Ask an expert: Could sleepwalking lead to jail?

Mark Thomas, a senior lecturer at Nottingham Law School, sheds some light on the use of sleepwalking as a defence in criminal cases. 

  • Last updated Jan 13, 2020 12:36:29 PM
  • Mark Thomas, Senior lecturer at Nottingham Law School

It doesn’t seem like a day goes by without the nation’s sleeping habits being discussed in the media. Up to a third of British people report problems having a good night’s sleep and our busy lifestyles, coupled with more technology such as smartphones, smartwatches and laptops by the bedside, have been blamed for giving us restless nights.

Beyond restless nights or bouts of insomnia, it’s not uncommon for people to suffer from sleepwalking or night terrors. According to the NHS, there’s no known cause for sleepwalking, but it does tend to run in families. Triggers of sleepwalking include not getting enough sleep, stress and anxiety, drinking too much alcohol and taking recreational drugs, amongst other factors; such triggers can also make sleepwalking worse. These sleepwalking episodes can be unsettling for the sleepwalker and those around them. In worst-case scenarios, sleepwalking can cause extreme behaviour beyond the sleepwalker’s control, such as leaving the house or even getting into a car.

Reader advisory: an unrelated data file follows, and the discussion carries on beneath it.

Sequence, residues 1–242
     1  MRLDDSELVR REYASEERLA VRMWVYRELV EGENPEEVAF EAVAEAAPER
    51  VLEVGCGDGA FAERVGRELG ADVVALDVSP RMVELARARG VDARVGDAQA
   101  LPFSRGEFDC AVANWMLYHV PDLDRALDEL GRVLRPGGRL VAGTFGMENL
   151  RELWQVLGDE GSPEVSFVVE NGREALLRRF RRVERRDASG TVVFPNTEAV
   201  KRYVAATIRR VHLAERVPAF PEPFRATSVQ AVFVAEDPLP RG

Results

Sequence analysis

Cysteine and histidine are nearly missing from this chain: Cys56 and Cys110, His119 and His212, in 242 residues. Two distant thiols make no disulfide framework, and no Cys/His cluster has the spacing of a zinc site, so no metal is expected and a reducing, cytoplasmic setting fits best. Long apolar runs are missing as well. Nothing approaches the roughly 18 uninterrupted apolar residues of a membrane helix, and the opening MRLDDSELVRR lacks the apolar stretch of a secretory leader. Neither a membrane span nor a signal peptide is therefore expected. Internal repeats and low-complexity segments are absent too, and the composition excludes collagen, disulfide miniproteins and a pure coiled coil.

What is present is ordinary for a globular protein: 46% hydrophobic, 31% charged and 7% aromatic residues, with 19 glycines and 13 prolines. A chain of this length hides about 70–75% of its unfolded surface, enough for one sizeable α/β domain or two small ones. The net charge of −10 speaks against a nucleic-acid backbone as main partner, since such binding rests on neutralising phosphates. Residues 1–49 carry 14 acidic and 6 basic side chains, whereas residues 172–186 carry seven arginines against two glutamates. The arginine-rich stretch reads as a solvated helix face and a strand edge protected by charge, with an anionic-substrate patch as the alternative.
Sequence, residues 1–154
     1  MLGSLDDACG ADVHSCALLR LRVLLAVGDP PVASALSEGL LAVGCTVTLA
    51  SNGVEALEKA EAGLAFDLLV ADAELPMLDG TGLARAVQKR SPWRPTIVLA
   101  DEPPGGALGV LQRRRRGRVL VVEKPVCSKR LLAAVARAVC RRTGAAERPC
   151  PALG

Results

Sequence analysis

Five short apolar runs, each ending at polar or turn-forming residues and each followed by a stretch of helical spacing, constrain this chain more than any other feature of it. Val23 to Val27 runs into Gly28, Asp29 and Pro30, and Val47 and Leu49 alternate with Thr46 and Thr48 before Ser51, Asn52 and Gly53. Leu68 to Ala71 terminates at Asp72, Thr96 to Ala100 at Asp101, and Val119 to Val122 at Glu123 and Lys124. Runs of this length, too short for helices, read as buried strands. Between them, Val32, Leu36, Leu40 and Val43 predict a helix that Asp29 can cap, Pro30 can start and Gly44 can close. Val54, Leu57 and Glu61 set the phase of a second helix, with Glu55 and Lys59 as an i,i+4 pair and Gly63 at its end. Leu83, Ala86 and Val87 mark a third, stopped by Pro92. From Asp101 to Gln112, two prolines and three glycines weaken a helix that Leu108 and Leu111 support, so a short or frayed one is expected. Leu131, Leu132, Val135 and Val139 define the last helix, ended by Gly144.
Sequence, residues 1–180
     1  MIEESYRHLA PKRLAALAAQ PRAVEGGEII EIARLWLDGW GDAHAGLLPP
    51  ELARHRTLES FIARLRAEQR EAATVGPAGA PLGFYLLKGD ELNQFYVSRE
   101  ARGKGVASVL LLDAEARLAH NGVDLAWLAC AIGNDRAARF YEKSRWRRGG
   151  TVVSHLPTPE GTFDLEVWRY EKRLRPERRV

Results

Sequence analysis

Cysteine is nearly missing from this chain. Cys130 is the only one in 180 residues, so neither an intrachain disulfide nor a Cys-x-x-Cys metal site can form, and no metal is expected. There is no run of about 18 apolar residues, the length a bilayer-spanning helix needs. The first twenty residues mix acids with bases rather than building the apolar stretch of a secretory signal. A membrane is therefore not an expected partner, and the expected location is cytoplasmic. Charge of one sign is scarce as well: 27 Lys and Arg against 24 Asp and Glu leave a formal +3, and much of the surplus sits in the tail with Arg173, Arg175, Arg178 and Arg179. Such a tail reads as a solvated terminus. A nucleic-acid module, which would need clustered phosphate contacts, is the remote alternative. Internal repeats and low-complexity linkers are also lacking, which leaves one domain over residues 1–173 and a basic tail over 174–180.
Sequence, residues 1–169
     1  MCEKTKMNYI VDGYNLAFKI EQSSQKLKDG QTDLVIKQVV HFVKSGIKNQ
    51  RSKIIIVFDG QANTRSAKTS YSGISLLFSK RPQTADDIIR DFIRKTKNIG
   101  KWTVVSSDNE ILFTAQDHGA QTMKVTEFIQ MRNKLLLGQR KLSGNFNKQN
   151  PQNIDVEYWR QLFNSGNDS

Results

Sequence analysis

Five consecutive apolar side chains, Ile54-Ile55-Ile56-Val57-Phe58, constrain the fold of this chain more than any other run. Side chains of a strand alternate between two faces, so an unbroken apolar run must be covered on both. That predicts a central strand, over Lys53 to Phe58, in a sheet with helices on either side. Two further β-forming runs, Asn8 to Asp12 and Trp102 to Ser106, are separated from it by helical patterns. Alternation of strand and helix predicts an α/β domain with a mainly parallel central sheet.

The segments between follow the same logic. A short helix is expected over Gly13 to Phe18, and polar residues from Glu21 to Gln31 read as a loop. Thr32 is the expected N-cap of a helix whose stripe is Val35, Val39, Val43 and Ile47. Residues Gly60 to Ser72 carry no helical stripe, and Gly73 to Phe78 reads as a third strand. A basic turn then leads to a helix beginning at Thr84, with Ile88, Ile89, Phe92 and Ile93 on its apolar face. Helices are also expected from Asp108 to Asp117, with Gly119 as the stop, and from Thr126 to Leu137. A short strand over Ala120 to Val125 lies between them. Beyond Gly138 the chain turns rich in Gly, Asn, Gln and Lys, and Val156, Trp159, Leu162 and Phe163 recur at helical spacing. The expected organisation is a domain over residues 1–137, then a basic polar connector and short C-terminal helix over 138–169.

Can you commit a crime whilst sleepwalking?

Whilst it’s not common, there are examples of individuals committing crimes whilst sleepwalking. Recently, 21-year old Dale Kelly was cleared of sexually assaulting a woman after the jury found he could not be held responsible for his actions as he was suffering from parasomnia at the time—a sleep disorder which involves abnormal movements and behaviours during sleep. 

Kelly, who had been on a night out, got into bed with friends and touched the woman intimately—an act which he couldn’t remember.  

Can you defend a crime committed whilst sleepwalking?

Few cases come before the courts which use sleepwalking as a defence. This is partly because medical evidence is required to support this claim (which could be contested by the prosecution) or if drugs or alcohol had been used, it could be argued this brought on the sleepwalking. 

In the case of Kelly, he was found not guilty by reason of insanity. Again, this is quite unusual and not without its own issues. Following an acquittal by reason of insanity, a defendant is not entitled to just walk free. Instead, the trial judge must consider whether to detain the individual by way of a Hospital Order, issue a Supervision Order or release him. The case of Dale Kelly is currently being considered by the judge, who said, "At the moment I'm leaning towards a hospital order but I will wait to hear what the experts say." 

Is it “insane” to sleepwalk?